“AFTER ALL THE LOCAL MUNICIPAL ELECTIONS IN MAY 2011 IS ALL ABOUT THEIR FUTURE”
“HELP 1000 YOUNG WOMEN AND MEN IN PROVIDING BETTER SERVICE DELIVERY FOR YOU AND FOR THEIR OWN FUTURE”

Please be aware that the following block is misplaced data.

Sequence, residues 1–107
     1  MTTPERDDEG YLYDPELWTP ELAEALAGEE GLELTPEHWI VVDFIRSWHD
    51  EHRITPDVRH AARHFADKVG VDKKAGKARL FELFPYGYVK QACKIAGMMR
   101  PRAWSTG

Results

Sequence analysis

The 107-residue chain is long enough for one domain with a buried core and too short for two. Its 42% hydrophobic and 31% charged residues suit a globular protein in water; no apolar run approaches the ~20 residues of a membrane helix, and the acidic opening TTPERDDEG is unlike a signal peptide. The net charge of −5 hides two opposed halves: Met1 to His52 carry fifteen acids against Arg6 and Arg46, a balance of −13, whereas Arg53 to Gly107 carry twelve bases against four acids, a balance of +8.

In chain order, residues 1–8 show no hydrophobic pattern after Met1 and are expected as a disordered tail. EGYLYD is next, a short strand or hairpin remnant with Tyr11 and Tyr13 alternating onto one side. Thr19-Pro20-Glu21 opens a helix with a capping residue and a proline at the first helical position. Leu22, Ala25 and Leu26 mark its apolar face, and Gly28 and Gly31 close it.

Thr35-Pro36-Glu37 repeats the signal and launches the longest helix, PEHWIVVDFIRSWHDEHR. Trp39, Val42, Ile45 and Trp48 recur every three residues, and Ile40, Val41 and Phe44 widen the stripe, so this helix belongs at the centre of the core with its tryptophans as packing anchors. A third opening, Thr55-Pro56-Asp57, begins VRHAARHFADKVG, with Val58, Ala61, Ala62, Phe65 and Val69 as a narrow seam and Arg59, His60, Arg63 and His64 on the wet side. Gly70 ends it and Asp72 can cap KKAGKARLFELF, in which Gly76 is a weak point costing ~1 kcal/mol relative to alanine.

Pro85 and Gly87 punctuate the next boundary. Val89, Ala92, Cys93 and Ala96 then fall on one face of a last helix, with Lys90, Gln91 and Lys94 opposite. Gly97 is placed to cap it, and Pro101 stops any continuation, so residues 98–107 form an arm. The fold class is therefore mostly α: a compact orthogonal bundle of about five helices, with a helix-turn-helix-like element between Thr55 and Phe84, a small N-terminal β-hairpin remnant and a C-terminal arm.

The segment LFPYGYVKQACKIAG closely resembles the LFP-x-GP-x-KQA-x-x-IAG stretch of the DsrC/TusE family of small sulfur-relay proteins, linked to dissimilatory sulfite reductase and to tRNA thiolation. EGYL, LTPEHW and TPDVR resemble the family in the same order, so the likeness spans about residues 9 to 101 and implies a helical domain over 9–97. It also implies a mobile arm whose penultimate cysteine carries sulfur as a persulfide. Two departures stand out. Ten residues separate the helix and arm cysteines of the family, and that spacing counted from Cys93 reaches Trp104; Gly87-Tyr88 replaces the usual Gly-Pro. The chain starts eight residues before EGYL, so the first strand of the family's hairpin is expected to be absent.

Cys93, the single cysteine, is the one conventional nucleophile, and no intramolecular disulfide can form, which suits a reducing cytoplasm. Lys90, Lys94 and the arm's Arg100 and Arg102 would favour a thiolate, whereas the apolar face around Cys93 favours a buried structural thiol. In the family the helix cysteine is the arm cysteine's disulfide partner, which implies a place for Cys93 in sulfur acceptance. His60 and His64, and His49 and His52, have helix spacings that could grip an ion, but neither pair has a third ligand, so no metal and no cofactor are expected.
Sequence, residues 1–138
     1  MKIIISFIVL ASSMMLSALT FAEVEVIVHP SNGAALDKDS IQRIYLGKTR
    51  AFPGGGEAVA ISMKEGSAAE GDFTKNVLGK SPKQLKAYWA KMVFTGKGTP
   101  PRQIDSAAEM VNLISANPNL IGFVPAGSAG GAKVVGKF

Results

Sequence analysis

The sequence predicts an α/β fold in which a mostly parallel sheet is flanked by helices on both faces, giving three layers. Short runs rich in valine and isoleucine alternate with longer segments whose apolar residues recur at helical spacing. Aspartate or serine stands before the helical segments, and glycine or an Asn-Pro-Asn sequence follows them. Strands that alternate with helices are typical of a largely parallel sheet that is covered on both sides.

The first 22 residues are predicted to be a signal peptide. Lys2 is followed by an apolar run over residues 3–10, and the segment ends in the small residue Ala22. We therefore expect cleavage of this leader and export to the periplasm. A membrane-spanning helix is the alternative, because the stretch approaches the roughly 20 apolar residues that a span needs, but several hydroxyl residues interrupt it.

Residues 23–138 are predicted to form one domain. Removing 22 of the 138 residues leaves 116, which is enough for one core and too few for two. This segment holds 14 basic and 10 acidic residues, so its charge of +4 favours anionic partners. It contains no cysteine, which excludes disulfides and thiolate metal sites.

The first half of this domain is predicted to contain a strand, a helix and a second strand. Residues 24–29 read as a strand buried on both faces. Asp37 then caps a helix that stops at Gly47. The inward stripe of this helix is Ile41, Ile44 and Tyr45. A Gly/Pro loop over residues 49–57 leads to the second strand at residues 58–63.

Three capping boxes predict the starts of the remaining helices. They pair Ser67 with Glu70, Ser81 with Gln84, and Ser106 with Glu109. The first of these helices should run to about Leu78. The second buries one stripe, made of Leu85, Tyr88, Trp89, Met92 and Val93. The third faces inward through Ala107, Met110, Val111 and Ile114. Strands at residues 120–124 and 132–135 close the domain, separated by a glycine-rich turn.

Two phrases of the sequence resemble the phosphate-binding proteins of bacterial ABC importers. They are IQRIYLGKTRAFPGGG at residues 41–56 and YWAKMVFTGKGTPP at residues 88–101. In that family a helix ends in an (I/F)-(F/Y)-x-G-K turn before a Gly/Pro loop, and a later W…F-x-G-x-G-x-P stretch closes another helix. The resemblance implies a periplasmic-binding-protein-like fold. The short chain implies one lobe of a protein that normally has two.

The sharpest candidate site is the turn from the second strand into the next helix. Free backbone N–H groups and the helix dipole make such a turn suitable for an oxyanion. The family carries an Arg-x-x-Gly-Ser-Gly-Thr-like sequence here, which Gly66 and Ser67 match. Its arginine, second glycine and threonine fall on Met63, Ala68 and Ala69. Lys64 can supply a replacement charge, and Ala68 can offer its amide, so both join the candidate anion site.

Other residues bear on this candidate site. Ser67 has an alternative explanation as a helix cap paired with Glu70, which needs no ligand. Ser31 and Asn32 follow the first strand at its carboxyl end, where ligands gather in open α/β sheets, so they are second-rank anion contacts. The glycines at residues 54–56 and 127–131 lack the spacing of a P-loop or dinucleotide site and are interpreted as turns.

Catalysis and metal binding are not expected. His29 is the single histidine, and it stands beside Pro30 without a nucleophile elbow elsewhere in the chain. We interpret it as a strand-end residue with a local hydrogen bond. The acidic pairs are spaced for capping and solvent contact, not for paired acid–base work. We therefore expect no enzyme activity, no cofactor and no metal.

Most young men and women between the ages of 18 to 24 are unemployed and face a bleak future. It is time that this section of society be given more opportunities. They are our future. Employers will be encouraged to give them jobs by getting a subsidy from the treasury of about R1000 towards their monthly salary for at least two years. The Aljama-ah Political Party wants to take this further and help these young people to win seats as ward councillors in the 2011 municipal elections. The Party has launched a recruitment campaign to attract and select young potential councillors, train them to be councillors and help them campaign to win seats. The Party has also launched an SMS fund raising project to get the community to help finance the recruitment, training and campaign costs of these young people who will come from all over the country. A donation of R10 paid by the SMS will cover the R500 registration costs of the 1000 young people to contest the elections. The target for the campaign is a half a million rand. This will be a sound investment in our youth and the future of the community. In Cape Town the Party Leader Ganief Hendricks will challenge the current Democratic Alliance mayor to give our youngsters a better opportunity to get the votes to win as many seats as possible. His expertise as a Human Resources Specialist and awards for creating new generation jobs will give him an edge over other mayoral candidates. Municipalities need more human resource development. While it will be a contest between Dan Plato and Ganief Hendricks the winners will be our young men and women. Muslim and other voters will be canvassed to vote for Ganief Hendricks rather than Dan Plato. The final mayoral candidate for the Party and the candidates for councillors will be voted for by Party members when the election is called. The Party came 8th out of 24 Parties in the 2009 national elections getting votes in 2000 voting stations in nine provinces.